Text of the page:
Given that this year marks the twentieth anniversary of the publication of the first Harry Potter novel (well… it had already been published in the UK in 1997, but the US version didn’t come out until 1998), it seems fitting to go back and watch the films that were such an integral part of my childhood. So how well does the movie that first introduced me to the Boy Who Lived hold up? Looking at it through the eyes of an adult, some things do not hold up quite as well as others.
I’m sure the basics of the story are known to most: Harry Potter (Daniel Radcliffe) is orphaned as a baby and raised by the insufferable Dursley family, only to be told at the age of eleven that he is, in fact, the son of a witch and a wizard. Thus, he is also a wizard and invited to be a student at the prestigious Hogwarts School of Witchcraft and Wizardry. There, not only does he meet his future fast friends Hermione Granger (Emma Watson) and Ron Weasley (Rupert Grint), but he also discovers that his parents were killed by the evilest wizard in all magical history, Lord Voldemort, and that there may be someone at the school who wants to kill him, too.
I can’t help but feel that Harry is more of a reactive character than a proactive one here. I feel for him when he first meets the other wizards and they all praise him and are in awe him as the Boy Who Lived, and yet he doesn’t understand why. After all, as far as he knows, it was luck that saved him from Voldemort’s wrath. It was luck that brings him to Hogwarts, through no merit of his own. When Harry wins his first Quidditch game by catching the Snitch, how does he do it? Through luck. Even when he confronts the duplicitous Professor Quirrell, it is through sheer luck that he defeats him, without even really intending to. In other words, it never feels that Harry actually does anything. Things happen to him and Harry reacts, but as a character, he remains rather static.
This makes Harry himself kind of the most uninteresting character in his own origin story, with Radcliffe adequately laughing and/or staring incredulously at things but never being given much of a chance to shine. Watson’s vivacious Hermione and Grint’s whiny but affable Ron often steal the spotlight and as characters, fare much better. I love that Hermione’s know-it-all attitude and Ron’s stalwart loyalty come in to play during the final “battles”. It is clear from the outset that the threesome’s friendship is at the heart and soul of the series and the emotional climax of the film is the spectacularly staged Wizard’s Chess game, in which Ron’s brave sacrifice makes Harry’s subsequent face-off with Quirrell feel anticlimactic in comparison. Indeed, this film raises the standard for the themes of courage, loyalty, friendship, and love that dominate the series, even while I also have misgivings about the children’s almost immediate lack of respect for authority or their knack for breaking the rules (and getting away with it, usually).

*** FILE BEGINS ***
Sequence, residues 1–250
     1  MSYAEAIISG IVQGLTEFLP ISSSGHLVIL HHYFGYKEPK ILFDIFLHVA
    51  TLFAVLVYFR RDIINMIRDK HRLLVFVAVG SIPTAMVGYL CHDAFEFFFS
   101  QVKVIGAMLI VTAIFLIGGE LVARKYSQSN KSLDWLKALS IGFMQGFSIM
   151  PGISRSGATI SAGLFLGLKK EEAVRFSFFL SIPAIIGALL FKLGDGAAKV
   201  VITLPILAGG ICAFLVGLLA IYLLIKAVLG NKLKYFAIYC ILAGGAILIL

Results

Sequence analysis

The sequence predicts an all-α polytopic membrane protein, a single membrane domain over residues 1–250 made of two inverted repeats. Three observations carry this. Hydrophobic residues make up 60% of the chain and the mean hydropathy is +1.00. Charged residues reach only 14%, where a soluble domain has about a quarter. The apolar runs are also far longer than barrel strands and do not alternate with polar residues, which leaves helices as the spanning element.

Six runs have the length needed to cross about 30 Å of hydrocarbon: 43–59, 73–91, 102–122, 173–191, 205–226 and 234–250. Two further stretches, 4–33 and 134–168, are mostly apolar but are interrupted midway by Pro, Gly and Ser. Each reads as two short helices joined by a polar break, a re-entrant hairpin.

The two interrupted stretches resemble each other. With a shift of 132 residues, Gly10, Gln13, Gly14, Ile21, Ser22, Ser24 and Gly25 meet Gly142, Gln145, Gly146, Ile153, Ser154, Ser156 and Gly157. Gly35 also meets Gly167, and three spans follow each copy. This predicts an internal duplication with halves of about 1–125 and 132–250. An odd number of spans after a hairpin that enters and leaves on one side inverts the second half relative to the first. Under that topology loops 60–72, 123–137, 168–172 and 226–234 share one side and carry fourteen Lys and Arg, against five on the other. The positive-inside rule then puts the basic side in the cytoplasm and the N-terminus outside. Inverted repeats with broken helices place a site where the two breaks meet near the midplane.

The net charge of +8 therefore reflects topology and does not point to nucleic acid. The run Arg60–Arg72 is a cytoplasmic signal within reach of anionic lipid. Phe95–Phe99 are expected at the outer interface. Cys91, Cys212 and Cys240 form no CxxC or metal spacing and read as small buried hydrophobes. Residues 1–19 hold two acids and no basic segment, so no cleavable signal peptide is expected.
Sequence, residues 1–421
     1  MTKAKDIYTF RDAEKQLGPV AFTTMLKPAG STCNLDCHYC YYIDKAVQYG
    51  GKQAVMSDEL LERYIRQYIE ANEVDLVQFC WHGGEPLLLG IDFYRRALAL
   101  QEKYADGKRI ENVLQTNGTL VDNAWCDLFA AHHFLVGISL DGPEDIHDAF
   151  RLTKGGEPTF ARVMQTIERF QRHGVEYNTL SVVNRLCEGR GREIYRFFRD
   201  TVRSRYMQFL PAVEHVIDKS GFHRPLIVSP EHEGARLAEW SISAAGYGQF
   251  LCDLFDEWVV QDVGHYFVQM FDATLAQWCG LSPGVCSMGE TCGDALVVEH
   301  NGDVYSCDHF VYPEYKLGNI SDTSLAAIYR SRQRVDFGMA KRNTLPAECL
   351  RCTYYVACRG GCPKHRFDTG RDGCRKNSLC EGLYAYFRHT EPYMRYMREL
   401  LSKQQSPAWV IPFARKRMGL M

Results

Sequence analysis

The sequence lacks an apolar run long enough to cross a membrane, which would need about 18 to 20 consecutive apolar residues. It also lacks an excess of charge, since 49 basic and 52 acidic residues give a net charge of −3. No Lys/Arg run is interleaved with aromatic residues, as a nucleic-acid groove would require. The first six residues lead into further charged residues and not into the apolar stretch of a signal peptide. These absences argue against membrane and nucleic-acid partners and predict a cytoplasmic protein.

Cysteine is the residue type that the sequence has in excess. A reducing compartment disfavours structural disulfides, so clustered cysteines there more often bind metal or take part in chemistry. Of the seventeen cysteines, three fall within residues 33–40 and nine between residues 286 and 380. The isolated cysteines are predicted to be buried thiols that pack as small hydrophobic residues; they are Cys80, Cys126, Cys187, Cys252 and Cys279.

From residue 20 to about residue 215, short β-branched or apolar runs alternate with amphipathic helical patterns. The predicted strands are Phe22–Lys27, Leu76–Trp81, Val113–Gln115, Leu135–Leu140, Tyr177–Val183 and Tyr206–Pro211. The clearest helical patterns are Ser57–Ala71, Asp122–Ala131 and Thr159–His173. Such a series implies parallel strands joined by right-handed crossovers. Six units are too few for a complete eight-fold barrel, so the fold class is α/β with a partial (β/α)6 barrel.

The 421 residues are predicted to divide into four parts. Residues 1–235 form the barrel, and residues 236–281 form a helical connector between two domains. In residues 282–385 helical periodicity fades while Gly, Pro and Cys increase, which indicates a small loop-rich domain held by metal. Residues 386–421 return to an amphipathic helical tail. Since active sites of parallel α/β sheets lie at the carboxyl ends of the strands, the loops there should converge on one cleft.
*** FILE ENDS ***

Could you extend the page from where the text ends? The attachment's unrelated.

The Harry Potter series have become famous as a veritable who’s who of notable British thespians and the first film sets the stage in grand fashion, with Alan Rickman’s oily Professor Snape and Richard Harris’ quietly authoritative Professor Dumbledore as the standouts. Curiously, I find the special effects to be rather hit or miss here. The Quidditch match is fantastic and is a highlight of the film, but the troll and Scruffy the three-headed dog look unconvincing, especially in a film from the same year when the Balrog and the cave troll wowed audiences in The Lord of the Rings: Fellowship of the Ring.
All in all, the first Harry Potter is a mixed bag. It is a little long and adheres almost painfully to the original source material. Certain plot points don’t hold together, such as the titular MacGuffin…I mean, the Philosopher’s Stone… I mean, the Sorcerer’s Stone, in that a great deal is made about it, but in the end, it doesn’t really amount to anything other than a plot device.
I do appreciate the fact that the film allows most of the magic to be just that…magic. Most things, such as the Mirror of Erised or the Cloak of Invisibility or ninety percent of the things you see in Diagon Alley, are never explained how or why they work and I am okay with that. I like that most of the magical elements are taken at face value and are simply a part of the mystery of the wizarding world. However, I am not going to get into the debate as to whether watching movies that promote magic and the use thereof is harmful or beneficial for children. That I leave to others.
I will say that, while this is an entertaining, creative, it is surprisingly dark and frightening at times (the scene with the dead unicorn springs to mind) and thus should probably only be enjoyed by more mature younger viewers. It is not always morally strong either, but at the very least, it provides springboards for discussion and it is most certainly consistently visually impressive, well-acted and imaginative.